When the Netanyahu government passed a Basic Law this week enshrining a superior set of rights for Israel’s Jewish citizens, it ushered in a new era of open apartheid. To appreciate the significance of the new nation-state law, one must understand why the bill split Israel’s nationalist camp, and why demographic factors forced it to the fore.
After the final vote, ruling Likud lawmaker Avi Dichter, who sponsored the bill’s first iteration, explained its true purpose. “We are enshrining this important bill into a law today to prevent even the slightest thought, let alone attempt, to transform Israel to a country of all its citizens,” Dichter gloated after the law passed this week. “… The most [Palestinian citizens of Israel] can do is to live among us as a national minority that enjoys equal individual rights, but not equality as a national minority.”
While the law’s final text lacked the abrasive language of earlier versions, it firmly established that “the right to exercise national self-determination in the State of Israel is unique to the Jewish people”. Unlike Israel’s 1948 Declaration of Independence, which ostensibly commits the state to ensuring “complete equality of social and political rights to all its inhabitants irrespective of religion, race or sex”, the nation-state law omits any such promise of equality - and this was not accidental.
Failing to protect minorities
The Israel Democracy Institute noted that the new law has made Israel “the only country in the world to establish its legal status as a nation-state without ensuring that the bill protects equal rights for minorities”.
This distinction exposes the fault line between the two wings of Israel’s nationalist camp. While all Israeli nationalists want the state to accord preferential treatment to Jews, centrists want the law to preserve at least a veneer of equality, for the sake of public appearances, while rightists are willing to be more brazen about their demands for state-sponsored Jewish supremacy.
Ever since the state was founded in 1948, Israel has discriminated against its non-Jewish Palestinian citizens in a myriad of ways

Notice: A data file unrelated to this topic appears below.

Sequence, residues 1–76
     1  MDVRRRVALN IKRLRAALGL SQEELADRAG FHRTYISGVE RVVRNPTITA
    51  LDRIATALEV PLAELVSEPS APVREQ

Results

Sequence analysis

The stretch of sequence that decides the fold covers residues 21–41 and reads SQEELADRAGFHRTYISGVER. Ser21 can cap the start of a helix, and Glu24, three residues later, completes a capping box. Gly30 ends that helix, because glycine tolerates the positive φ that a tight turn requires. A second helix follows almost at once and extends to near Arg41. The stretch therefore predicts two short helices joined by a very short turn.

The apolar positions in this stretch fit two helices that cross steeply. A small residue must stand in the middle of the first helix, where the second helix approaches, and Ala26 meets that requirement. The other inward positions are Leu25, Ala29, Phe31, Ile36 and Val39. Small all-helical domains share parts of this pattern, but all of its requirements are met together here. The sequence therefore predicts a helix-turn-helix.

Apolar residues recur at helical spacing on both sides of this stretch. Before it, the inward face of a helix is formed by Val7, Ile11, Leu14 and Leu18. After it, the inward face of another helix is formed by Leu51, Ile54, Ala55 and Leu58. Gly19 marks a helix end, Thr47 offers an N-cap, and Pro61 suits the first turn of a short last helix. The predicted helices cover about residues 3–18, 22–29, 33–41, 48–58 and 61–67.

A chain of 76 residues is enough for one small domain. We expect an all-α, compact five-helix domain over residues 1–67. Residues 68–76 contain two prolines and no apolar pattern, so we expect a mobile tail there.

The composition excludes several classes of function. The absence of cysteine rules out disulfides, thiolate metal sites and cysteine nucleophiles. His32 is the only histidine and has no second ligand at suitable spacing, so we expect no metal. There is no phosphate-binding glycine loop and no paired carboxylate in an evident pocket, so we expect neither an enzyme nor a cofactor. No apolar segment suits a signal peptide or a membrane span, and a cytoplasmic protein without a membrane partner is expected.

Liberal Zionist lawmakers originally supported and even co-sponsored the nation-state law, hoping it would use lofty language and somehow resolve the inherent contradictions between the state’s definition as both “Jewish” and “democratic”. By contrast, right-wingers are willing to admit that the gap between these cannot always be bridged, and when only one set of interests may prevail, they insist that it must be Jewish.
Since the bill was passed as a Basic Law - the equivalent of a constitutional document - it will inform all future Israeli government decisions in which the two sets of interests are in conflict, ensuring that Jewish supremacy trumps democracy in every instance.
Of course, ever since the state was founded in 1948, Israel has discriminated against its non-Jewish Palestinian citizens in a myriad of ways.
Foremost among them are the country’s naturalisation laws, which grant any Jew in the world automatic Israeli citizenship, and make it exceedingly difficult for any non-Jew, Palestinian or otherwise, to acquire that same status. No less discriminatory are the state’s land laws, which forbid non-Jews from leasing state-owned holdings; this prejudicial provision applies to 93 percent of the country’s land mass.